I decided to review the best Stan Kenton compilation LP I've ever heard, and it's one that I never saw at a Goodwill or a Salvation Army store. It's called Kenton Classics (Capitol T358). This LP was originally released as a 10" LP in 1952 with eight cuts, and it was reissued in 1956 as a 12" LP with four additional cuts. The 12" version is what I own. The album opens with the hit "Tampico." It was recorded in Chicago in 1945 and it's also the debut of the great jazz singer June Christy. "Tampico" is wonderful, but it's not jazz. It's a, if not the, pioneering example of a phenomenon known as post-swing-big-band-dance-music, or, perhaps, better said, it's sock hop schlock with horns. However, it'll grab the attention of even the most hard-nosed jazz snob. In two minutes and 39 seconds Stan Kenton outdid Les Brown at his own dance band game. The second cut on side one is the flip-side of Tampico, and it was recorded on the same day. It's a slightly jazzier tune called "Southern Scandal," and it features, along with some really loud horns, Kenton's piano. It is simplicity that simply works, and Kenton's magnificent piano tone is icing on the cake.

Side one cut six is "Harlem Holiday," and it rocks! It was recorded in December 1947, and it features future jazz legends Art Pepper, Shelly Manne, and Bob Cooper. If you don't think a 1947 recording has something for audiophiles, think again. Although the sound isn't for selling stereo gear, Jack Costanzo's bongos are jumping out of my speakers, and they sound just like I'm playing them myself. Side two opens with an explosion of musical color. The cut is called "And Her Tears Flowed Like Wine." This cut is amazing because it's so much fun, and jazz legend singer Anita O'Day never sounded better. The sound belies its 1944 recording date, and it's the best sounding cut on the record. It's not jazz, but it's played by jazz musicians who are on fire. The band also sings the chorus, while the spunky O'Day sings the verses. The handclaps and the bass solidity will thrill the audiophile in you, while the music will make your body move. Side two cut five is "There is No Greater Love." It's a 1947 vocal track by the singing group The Pastels backed by Kenton's band. Little is known about The Pastels, other than the fact that they toured with Kenton in 1947, and singer Dave Lambert of Lambert Hendricks & Ross fame was in the group. It's music of my parents' generation, and it's a charming, albeit dated, listen. Side two closes with an aggressive but fun performance of "How High The Moon." Noteworthy is June Christy's attempt at scat singing. June Christy had yet to become The Misty Miss Christy, but her youthful enthusiasm will keep you from lifting the tonearm. All in all, this may not be an album to play all the way through, but for a Stan Kenton album it's extraordinarily good. And, as I pointed out, the 1940s sound is far better than you'd expect. The sound on this LP could and should be an example to all mastering engineers saddled with the responsibility of reissuing pre-tape recordings.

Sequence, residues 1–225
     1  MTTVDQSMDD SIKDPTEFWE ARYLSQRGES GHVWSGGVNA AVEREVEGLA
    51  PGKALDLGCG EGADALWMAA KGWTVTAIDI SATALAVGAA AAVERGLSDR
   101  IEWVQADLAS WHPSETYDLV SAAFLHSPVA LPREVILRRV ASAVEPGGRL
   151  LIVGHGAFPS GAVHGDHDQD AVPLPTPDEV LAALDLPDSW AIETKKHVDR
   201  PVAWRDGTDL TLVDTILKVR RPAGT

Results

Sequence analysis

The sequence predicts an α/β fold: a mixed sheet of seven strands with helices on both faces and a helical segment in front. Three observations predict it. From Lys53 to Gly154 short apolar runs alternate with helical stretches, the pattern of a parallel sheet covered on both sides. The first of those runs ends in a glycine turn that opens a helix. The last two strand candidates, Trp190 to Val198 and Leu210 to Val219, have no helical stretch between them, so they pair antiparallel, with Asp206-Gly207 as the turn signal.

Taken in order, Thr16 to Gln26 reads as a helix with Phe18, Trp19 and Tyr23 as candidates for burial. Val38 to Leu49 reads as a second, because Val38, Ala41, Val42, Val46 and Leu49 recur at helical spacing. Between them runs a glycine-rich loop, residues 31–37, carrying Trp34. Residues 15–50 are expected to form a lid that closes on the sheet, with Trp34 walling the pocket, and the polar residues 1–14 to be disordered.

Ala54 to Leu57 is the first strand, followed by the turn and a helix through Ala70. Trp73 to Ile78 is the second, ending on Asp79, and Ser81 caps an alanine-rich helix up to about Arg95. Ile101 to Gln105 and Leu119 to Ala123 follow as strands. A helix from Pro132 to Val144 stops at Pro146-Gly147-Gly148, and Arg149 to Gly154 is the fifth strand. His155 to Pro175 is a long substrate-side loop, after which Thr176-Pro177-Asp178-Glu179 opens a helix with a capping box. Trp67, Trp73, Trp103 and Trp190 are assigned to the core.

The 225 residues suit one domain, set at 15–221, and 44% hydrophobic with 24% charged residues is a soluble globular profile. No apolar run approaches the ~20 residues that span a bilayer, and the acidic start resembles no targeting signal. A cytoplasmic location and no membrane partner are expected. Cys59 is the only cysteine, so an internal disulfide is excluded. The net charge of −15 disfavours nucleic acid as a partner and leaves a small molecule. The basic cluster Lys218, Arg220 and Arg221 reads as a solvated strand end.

The night that I found this LP was memorable. I was on my way to see local bluegrass legend fiddler Phil Salazar in Ventura, California. While walking down Ventura's main street, I stopped at an antique store to check out their back room that's filled with LPs. I hate the beat-up junk that antique stores think are good records, but I had some time to kill. This LP was sitting in a pile of vinyl excrement and they wanted a whopping $10 for it. I had never seen it before and it was in pristine condition, so I had to buy it.